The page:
Thursday, July 30, 2009


I got behind the wheel for the first time today. First impression: Piter drivers are a**holes. A lot like a typical Northeast USA city but worse. Everyone is taking the left turn from the right lane, merging into the lane I already occupy, honking impatiently if - heaven forbid - I slow down to try to ensure there's no oncoming traffic as I cross a main road. There are many 4-way no-stops, as in 2 roads come together, neither is clearly the bigger road, and nobody has a stop sign. With SUVs illegally parked on the corner, so there's no way to know if there's oncoming traffic until just before it's too late.

The good news is it appears that u-turns in the middle of the street are no big deal to anyone, official or unofficial.

Tuesday, July 28, 2009


Never go outside without your umbrella AND sunglasses (unless it's winter, of course). As we stood at the corner, waiting for the light to change, I felt a drip. We were at the corner because the sun was directly in my eyes and I wanted to switch to the shady side of the road. I looked up to see if there was an air conditioner dripping on me, or an awning that may have had residual rain from last night.

Duh. It's St. Petersburg in the summer. It was RAINING. At least the sun did have the decency to hide a bit a few minutes later.

Tuesday, July 21, 2009

Where am I?

Terry and I had lunch at a Japanese restaurant near the consulate the other day. Some of the staff are Asian and some are Russian. This is how my mind works: after watching an Asian waitress walk by, a very pale blond woman comes over to take our order. My first instinct - Oh, she's white, she'll speak English.

Duh. We're in Russia. The first waitress had a better chance of speaking English.

Once again we thank our 8 weeks of language training.

Sunday, July 19, 2009

River tour

Our "Top 10" guide book puts the river tour as one of the best things to do in the city. Today was a perfect warm, no-cloud-in-sight summer day, calling for us to do something outdoors. Part of me really wanted to laze around the house but the other part said "no, you really will regret if you don't get off your lazy rear and SEE something" so we got ourselves organized and out the door with plenty of time to make the 11am departure time.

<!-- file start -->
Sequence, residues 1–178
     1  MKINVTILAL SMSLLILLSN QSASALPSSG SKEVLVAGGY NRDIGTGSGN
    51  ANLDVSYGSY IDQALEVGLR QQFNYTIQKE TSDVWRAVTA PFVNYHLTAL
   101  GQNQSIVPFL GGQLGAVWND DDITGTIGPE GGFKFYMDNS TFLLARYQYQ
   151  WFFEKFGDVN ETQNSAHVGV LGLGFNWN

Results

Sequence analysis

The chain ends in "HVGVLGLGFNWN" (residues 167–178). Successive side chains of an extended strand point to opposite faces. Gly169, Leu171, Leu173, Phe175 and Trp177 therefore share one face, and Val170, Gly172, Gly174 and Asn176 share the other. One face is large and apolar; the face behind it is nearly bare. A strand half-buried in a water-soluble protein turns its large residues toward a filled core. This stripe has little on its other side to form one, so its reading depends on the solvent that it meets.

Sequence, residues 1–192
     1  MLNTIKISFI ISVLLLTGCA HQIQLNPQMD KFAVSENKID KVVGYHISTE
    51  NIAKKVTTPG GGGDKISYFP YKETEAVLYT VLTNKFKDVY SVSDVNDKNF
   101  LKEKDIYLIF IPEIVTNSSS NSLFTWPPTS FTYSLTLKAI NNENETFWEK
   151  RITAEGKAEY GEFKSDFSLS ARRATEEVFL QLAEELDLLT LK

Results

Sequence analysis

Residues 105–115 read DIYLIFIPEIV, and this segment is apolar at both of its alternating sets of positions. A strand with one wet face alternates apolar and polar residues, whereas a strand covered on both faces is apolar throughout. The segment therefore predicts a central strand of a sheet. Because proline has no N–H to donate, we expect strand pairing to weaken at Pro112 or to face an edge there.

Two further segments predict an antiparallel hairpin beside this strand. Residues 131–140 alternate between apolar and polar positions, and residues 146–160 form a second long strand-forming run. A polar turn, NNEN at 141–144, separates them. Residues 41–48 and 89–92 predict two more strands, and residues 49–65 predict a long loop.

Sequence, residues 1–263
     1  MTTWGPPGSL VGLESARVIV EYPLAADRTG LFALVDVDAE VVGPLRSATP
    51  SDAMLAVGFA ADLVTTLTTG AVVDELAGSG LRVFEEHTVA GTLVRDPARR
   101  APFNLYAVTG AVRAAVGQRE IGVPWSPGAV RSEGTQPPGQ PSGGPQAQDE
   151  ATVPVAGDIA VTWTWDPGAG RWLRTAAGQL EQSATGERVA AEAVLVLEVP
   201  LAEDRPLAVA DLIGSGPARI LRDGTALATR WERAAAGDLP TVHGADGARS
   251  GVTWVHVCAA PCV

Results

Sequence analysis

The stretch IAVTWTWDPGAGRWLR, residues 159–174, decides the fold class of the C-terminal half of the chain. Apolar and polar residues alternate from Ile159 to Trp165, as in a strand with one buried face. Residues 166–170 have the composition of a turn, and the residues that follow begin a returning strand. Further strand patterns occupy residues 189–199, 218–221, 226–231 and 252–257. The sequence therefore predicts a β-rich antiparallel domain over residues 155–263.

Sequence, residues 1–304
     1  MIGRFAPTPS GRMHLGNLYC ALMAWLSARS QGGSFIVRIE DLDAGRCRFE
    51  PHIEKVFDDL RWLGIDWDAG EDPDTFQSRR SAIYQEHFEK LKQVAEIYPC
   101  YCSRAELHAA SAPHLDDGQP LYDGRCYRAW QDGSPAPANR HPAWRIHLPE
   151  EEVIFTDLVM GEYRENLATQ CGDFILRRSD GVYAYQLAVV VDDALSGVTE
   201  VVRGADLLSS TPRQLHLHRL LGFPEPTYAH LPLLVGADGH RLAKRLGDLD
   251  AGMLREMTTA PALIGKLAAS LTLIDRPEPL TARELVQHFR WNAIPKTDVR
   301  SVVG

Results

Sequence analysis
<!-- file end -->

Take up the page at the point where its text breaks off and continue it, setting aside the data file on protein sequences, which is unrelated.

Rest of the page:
The tour began on the Fontanka, and we turned onto the Moika and the Neva over the course of an hour. The rivers are truly central to St. Petersburg, and it seemed all the top tourist sights were in view from the water. In fact, according to our tour guide, Peter the Great envisioned this city to be like Venice and tried to avoid all bridges in favor of innumerable mooring points along the river ... but he didn't account for weather, which makes wintertime navigation of the (frozen) rivers impossible.

Our guide gave good historical and architectural information of the monuments, bridges and buildings we passed. Terry and I each caught slightly more than half of what she said as we made sure Alex didn't fall off her seat, into the water, or bother the other passengers too much. She was extremely well behaved for a not-2-year old, but she IS a not-2-year old. Even without taking in all the information, it was a glorious day to be out on the water, and today is a memory that will sustain us in mid-January when we've got 3 hours of daylight and a wind chill of -40 (C or F, same thing). We're already strategizing how to arrange child care so we can take the midnight "White Nights" tour next summer - adults only. At least we got some great photos, as you can see!

Monday, July 6, 2009

туркей хилл в Москве

I was on my walk back to the hotel tonight, when I swung into a grocery store to pickup some water and snacks. To my surprise sitting in the freezer section of the grocery store was Turkey Hill. I couldn't believe it. They had little one pint containers of Turkey Hill butter pecan. So I of course had to buy some. Unfortunately it seems this really is imported from Lancaster County and not produced under license by a local manufacture. Since the ice cream was somewhat freezer burned. On the one photo you can see importer just threw a Russian translation sticker on the container. I will say that did not stop me from eating the whole pint. For the record the title of this post is Turkey Hill in Moscow. The first two words are simply the words Turkey Hill in Russian Cyrillic letters. That is how it appeared on my receipt.

Friday, July 3, 2009


With Terry away, it's been generally rough around here. The bright spots include my 2 mornings when the babysitter comes. Rather than do chores - as I was our first few times - I ventured out with my new friend and her (much older than Alex) daughters to the Hermitage. It's free the first Thursday of every month so I decided it was a good time to check it out.